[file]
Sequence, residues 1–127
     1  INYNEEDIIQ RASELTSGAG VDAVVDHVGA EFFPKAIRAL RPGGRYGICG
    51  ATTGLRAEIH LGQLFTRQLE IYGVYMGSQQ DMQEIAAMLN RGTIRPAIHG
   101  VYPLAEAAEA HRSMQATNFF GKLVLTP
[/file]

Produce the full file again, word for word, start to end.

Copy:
Sequence, residues 1–127
     1  INYNEEDIIQ RASELTSGAG VDAVVDHVGA EFFPKAIRAL RPGGRYGICG
    51  ATTGLRAEIH LGQLFTRQLE IYGVYMGSQQ DMQEIAAMLN RGTIRPAIHG
   101  VYPLAEAAEA HRSMQATNFF GKLVLTP